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Ideas for Developing Asia and the Pacific

Disintegration of the EU and the Implications for ASEAN

Publication | May 2020
Disintegration of the EU and the Implications for ASEAN

Given the existence of major sources of conflicts and disputes and the history of mistrust between and among its members, disintegration is a distinct possibility for ASEAN.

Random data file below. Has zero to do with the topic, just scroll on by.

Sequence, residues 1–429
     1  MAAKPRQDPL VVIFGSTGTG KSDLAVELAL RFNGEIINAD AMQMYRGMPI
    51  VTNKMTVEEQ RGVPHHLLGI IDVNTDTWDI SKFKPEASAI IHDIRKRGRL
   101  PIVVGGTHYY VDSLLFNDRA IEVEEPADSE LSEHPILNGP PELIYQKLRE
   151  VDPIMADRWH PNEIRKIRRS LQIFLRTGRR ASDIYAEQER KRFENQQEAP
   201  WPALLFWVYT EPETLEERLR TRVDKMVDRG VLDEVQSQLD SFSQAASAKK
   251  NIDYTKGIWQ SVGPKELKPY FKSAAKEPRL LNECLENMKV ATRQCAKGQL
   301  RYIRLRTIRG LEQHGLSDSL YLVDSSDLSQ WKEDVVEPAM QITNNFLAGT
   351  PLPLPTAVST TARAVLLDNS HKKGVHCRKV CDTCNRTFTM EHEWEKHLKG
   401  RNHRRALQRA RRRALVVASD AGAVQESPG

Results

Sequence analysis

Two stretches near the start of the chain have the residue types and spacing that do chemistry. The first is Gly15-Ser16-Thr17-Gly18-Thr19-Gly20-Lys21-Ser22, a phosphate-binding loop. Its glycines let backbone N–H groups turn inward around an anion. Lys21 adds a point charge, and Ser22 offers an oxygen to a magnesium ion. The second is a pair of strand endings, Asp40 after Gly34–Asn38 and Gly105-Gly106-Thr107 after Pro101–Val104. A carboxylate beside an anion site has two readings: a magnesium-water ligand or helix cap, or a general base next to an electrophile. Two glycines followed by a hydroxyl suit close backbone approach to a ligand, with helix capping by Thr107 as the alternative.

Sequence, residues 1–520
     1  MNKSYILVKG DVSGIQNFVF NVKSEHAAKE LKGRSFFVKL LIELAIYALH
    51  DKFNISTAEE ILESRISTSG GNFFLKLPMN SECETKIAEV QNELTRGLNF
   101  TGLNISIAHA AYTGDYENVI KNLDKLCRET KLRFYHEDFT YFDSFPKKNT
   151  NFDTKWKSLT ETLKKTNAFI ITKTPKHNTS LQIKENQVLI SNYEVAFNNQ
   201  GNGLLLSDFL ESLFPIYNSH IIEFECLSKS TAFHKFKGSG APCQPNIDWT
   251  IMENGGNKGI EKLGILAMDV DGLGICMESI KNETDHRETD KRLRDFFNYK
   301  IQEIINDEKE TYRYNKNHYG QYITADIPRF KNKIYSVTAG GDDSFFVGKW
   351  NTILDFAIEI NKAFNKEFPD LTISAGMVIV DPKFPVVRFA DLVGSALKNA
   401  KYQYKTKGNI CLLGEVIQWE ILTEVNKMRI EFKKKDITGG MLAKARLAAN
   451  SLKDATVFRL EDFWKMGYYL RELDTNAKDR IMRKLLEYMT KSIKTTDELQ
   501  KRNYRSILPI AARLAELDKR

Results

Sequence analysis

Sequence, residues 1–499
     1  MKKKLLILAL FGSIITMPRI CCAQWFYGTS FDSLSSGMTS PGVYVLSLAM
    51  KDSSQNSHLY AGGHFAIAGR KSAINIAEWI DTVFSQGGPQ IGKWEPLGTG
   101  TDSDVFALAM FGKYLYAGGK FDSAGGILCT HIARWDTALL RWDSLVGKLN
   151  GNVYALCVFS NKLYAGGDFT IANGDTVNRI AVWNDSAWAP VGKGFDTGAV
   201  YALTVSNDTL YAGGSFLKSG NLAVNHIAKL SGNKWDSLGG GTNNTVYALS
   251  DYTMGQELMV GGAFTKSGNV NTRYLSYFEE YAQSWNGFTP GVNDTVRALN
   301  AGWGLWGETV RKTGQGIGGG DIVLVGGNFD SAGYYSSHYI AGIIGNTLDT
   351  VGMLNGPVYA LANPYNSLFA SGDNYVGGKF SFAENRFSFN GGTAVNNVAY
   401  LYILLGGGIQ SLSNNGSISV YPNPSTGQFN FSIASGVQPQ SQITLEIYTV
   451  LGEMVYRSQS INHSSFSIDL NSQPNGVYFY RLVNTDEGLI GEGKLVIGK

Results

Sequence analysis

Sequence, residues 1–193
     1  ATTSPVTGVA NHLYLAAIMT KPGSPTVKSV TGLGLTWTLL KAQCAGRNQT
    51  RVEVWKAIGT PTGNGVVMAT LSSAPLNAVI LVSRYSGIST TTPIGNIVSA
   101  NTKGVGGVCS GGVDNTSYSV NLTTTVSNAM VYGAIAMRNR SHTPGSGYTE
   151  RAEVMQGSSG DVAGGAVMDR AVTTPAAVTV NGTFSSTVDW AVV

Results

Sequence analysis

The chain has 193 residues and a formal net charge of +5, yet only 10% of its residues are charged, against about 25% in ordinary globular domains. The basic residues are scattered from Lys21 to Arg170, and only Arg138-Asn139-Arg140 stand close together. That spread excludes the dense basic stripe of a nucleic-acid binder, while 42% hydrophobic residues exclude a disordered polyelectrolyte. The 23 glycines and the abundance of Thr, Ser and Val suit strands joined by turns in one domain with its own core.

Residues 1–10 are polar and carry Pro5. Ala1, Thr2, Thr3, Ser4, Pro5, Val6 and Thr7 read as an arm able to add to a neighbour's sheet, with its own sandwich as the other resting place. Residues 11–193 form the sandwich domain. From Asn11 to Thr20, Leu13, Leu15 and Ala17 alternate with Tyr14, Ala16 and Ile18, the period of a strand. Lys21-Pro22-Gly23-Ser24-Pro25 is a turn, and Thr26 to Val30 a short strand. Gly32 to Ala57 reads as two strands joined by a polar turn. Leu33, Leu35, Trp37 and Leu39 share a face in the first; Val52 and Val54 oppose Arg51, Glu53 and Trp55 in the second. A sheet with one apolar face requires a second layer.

The EU has evolved from a grouping of six Western European countries with stated economic objectives to a large regional organization of now 27 European countries pursuing a wide range of political, economic, social, environmental, and security objectives, while the majority of the other European countries are associated with it or aspire to join it. The EU has been promoted as the main successful case of regional integration to be emulated by other regions. However, while its integration has been quite impressive, various developments have indicated the possibility of its disintegration. The threat of disintegration from within makes it even more worrisome as it reflects the growing discontent in some of its members with the way the EU is run under the leadership of its heavyweights (France and Germany), added to the EU’s unfulfilled promises of growth, prosperity, and equality for all its members. Brexit ended a taboo and showed a way out of the EU for the dissatisfied EU members that will not likely be repeated in the foreseeable future. However, there are other possible scenarios for disintegration, including the degeneration of the EU into a loose regional grouping of convenience where its members take advantage of its benefits while pursuing their own national interests and following the EU’s rules only when they serve their interests. ASEAN is much younger than the EU and has not sought, in practice, the same objectives pursued by the latter, although it has targeted regional integration in Southeast Asia. There is a degree of similarity in the circumstances under which the two regional groupings were established, but there are also various differences between the two regions. In a nutshell, ASEAN is a loose organization of 10 members who work together in certain areas of common interest, while mainly focused on their national objectives. Unlike the EU, it does not operate as a power bloc and contains a number of unresolved issues, which could pit its members against each other as they have done before. Consequently, if the EU, despite 70 years of planned integration with a significant degree of success, is not immune to disintegration, then ASEAN with its still insignificant degree of integration is surely vulnerable to such a possibility, unless it seriously initiates a process to address its root causes before it is too late.